HTML presentation of bibliography as in JabRef via CSL


a client wanted a large bibliography as html table in order to show it on their site. After trying out other strategies, I used parts of a script by Mark Schenk used in JabRef, and wrote a CSL style that exports the data in html markup language. For the initial problems I had with conflict characters ( " and ' for html and js commands) I found a solution: The output of the CSL I pass through a macro in oo_writer that replaces conflict characters as follows:

" signs found in the Zotero data: & #34; (without the space between & and #)
' signs found in the Zotero data: & #39; (without the space between & and #)
|| replace by " (the CSL produces || for what I want to be a " in the html)
\ replace by ' (the CSL produces \ for what I want to be a ' in the html)

A sample entry as exported by my CSL:

<tr class="entry"><td>2010</td><td>Hurch, Bernhard</td><td><b>Wilhelm von Humboldt: Schriften zur Anthropologie der Basken</b></td><td>Guillermo de Humboldt: Obras a cerca de la antropología de los Vascos</td><td><small>LING HIST</small></td><td>monografía</td><td>Paderborn: Schöningh </td><td><a href="">URL</a> </td><td> </td>

The abstract is displayed as tooltip mouseover, using "wz_tooltip.js" by Walter Zorn ( ). It is there where ' signs cause conflicts.

Another problem was that tags cannot be exported via CSL. So I put the tags I wanted to be displayed in a free data field (I chose "archive_location").

The "extra" field I used for the translated "title", which was what the client wanted.

You find the CSL here:

And here you see the result:
  • CSL is not really the tool that I'd use for this job. In fact I glued together some stuff to do this kind of job with some third party libraries (unfortunately not working in Firefox 3.6 yet, use 3.5x). Source code and instructions available at:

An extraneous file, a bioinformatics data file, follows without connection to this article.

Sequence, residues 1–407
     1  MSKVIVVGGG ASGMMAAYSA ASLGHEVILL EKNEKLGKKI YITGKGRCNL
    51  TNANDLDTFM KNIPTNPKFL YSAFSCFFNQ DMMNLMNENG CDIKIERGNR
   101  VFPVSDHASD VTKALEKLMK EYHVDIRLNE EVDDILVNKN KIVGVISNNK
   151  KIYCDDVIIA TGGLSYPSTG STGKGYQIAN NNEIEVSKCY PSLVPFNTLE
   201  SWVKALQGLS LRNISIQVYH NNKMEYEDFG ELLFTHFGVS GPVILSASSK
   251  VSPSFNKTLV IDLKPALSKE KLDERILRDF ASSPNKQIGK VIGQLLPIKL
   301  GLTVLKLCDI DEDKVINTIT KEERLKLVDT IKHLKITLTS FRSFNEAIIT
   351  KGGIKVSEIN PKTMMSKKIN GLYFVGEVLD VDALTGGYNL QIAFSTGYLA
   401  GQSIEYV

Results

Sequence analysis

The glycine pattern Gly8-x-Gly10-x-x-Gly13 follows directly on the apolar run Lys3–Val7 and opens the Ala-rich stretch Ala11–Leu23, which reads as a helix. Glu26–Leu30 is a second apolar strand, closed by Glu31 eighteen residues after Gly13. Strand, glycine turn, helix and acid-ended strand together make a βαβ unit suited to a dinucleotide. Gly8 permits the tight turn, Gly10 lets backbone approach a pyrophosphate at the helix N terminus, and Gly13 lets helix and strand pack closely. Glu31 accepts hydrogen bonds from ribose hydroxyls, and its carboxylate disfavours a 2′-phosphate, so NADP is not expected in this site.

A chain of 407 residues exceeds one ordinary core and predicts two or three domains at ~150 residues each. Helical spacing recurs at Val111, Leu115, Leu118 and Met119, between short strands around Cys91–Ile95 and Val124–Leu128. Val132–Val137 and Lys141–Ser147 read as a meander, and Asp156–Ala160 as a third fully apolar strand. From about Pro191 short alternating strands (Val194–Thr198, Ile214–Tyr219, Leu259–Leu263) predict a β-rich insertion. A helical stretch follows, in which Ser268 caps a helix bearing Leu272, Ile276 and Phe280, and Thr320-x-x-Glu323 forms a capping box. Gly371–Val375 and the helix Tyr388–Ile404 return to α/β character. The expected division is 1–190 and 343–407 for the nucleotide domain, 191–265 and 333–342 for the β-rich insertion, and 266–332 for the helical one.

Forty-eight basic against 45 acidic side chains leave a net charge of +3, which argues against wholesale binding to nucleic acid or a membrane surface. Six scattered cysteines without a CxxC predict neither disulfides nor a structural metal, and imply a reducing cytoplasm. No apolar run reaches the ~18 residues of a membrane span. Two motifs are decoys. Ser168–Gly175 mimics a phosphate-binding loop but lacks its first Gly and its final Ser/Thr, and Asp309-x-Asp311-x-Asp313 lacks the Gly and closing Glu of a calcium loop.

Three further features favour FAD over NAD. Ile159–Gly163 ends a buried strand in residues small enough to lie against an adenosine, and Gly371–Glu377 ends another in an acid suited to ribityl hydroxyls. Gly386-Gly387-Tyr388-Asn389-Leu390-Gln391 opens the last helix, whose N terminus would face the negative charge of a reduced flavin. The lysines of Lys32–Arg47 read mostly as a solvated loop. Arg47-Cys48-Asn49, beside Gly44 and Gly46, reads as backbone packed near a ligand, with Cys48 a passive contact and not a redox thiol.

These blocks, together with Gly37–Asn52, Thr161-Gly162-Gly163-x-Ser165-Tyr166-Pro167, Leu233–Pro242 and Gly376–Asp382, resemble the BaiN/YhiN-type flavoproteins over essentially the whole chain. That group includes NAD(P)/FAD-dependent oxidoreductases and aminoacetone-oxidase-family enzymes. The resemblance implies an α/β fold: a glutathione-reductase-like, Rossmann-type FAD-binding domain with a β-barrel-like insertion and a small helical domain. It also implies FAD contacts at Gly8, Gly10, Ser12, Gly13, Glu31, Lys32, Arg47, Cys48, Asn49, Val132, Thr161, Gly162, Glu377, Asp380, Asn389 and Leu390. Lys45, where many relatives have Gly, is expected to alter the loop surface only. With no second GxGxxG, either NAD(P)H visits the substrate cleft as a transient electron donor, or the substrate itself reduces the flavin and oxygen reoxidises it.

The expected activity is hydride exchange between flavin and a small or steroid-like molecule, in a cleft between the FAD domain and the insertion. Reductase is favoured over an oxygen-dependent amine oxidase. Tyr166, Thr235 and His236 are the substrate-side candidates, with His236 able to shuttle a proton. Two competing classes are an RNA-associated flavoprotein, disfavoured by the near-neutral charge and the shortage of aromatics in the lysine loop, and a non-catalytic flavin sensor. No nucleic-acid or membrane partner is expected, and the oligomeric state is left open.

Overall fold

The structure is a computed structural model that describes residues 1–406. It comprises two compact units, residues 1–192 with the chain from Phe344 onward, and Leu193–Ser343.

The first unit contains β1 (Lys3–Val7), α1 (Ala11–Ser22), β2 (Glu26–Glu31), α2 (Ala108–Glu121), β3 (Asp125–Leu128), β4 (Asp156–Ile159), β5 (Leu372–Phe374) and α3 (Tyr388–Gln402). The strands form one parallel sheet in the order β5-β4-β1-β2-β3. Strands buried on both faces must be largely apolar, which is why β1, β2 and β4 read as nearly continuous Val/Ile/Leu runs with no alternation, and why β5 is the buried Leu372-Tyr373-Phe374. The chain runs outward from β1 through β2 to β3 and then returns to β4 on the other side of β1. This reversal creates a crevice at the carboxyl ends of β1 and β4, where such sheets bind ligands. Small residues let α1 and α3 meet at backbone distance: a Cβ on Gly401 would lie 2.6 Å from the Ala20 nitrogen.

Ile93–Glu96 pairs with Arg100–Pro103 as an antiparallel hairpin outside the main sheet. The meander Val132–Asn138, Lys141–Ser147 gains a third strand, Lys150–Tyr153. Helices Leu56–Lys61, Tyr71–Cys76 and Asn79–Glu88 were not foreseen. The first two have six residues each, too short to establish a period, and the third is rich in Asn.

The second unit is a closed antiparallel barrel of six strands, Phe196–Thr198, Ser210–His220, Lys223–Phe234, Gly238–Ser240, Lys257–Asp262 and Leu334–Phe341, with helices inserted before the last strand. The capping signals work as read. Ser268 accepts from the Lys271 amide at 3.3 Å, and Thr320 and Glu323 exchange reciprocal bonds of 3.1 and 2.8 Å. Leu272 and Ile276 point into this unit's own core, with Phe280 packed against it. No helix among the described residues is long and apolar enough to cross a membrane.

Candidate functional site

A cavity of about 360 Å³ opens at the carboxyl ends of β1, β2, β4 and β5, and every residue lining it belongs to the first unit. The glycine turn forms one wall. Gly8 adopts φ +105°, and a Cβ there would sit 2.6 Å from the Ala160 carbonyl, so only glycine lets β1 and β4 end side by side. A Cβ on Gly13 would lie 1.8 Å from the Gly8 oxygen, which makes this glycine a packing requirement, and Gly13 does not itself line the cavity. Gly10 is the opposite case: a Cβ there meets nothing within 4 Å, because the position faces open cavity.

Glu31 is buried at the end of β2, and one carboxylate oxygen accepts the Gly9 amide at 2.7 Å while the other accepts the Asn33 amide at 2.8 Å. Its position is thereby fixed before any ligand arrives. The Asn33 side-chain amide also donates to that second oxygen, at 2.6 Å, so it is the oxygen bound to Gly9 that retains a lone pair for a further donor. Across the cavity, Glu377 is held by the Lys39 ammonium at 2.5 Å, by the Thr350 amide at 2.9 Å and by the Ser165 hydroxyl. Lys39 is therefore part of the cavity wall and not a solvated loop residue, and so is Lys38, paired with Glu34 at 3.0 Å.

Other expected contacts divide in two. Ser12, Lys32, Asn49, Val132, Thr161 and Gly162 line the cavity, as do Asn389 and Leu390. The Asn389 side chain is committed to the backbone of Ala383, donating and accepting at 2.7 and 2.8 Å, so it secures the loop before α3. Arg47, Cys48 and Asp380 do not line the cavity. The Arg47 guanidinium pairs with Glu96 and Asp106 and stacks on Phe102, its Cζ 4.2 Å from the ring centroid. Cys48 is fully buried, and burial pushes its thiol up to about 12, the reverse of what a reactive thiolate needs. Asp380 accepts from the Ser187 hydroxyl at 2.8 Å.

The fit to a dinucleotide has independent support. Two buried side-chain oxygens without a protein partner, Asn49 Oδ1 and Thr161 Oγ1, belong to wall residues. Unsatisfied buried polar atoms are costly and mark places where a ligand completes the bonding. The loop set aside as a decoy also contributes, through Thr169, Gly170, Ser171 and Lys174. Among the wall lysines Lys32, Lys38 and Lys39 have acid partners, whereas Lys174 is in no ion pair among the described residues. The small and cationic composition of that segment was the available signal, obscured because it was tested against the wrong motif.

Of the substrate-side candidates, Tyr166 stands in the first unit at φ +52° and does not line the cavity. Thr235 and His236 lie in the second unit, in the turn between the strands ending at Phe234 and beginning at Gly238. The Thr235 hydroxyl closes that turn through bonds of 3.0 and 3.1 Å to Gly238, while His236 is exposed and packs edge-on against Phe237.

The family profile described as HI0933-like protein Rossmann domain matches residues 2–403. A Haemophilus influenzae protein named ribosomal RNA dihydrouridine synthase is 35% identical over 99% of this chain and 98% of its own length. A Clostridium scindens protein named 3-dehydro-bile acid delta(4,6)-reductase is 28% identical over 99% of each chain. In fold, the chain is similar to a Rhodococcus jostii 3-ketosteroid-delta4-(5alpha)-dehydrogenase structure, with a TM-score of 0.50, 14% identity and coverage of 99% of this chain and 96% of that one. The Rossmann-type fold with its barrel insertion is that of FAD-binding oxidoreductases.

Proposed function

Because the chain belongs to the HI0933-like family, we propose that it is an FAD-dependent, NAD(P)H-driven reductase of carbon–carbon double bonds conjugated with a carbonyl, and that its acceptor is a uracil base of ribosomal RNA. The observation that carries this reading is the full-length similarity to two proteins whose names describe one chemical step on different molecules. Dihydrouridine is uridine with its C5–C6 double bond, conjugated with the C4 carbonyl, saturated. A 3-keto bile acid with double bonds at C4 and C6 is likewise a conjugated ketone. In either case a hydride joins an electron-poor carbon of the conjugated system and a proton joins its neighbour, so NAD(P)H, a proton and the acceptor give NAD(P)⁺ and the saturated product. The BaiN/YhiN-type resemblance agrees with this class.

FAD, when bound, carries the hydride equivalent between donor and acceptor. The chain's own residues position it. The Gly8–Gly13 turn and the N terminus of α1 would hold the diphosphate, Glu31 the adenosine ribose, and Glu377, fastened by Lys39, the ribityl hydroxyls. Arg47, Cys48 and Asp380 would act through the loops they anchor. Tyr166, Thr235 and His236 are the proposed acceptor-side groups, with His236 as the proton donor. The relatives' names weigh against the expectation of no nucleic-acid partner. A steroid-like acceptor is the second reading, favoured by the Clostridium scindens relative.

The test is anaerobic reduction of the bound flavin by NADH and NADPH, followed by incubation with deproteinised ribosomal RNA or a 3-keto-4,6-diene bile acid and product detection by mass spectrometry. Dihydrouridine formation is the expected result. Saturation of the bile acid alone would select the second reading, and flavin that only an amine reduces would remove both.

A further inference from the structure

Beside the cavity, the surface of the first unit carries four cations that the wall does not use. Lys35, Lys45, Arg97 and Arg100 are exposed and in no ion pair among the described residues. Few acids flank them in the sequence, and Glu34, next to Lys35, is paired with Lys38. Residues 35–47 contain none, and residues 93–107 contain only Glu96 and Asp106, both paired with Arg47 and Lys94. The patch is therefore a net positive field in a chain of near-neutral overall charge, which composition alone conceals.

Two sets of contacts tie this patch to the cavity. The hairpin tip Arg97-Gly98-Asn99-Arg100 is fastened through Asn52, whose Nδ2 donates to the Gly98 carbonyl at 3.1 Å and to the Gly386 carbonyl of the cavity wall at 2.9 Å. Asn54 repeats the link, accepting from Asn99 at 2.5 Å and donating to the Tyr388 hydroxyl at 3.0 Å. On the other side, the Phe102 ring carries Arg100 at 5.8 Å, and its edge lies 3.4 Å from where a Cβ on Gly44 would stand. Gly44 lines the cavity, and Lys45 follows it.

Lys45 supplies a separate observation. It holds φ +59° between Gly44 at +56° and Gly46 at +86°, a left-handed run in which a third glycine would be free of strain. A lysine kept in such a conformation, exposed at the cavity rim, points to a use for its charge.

• If you just need one-time export, an export translator can do this more flexibility than CSL and less complexity than a local server, with the one major drawback of not being able to call the CSL processor to format the bibliography entries (although that's something that could probably be changed).

    For any serious automatic generation, two-way access, of use of CSL styles, however, Kieren's approach allows for maximum flexibility and extensibility.
  • edited April 18, 2010
    The citeproc-js processor will encode all quotation marks and apostrophes in output as open- and close-quote characters expressed as ascii-escaped numeric unicode entities, so when it debuts in Zotero, that will solve that end of the encoding issue. The new processor will support rich text markup in fields, though, which means HTML tags in titles and the like; for use in rollovers, you would need to define an output format that encodes or strips them. (Or fashion the rollovers in CSS?)

    If you want to have style formatting capability in a page, the processor itself could be run in the browser window on client side. It runs cross-browser (as of yesterday), with confirmed success against the demo page with IE6 and up, Google Chrome, and Gecko-based browsers including Firefox.

    So many possibilities ...
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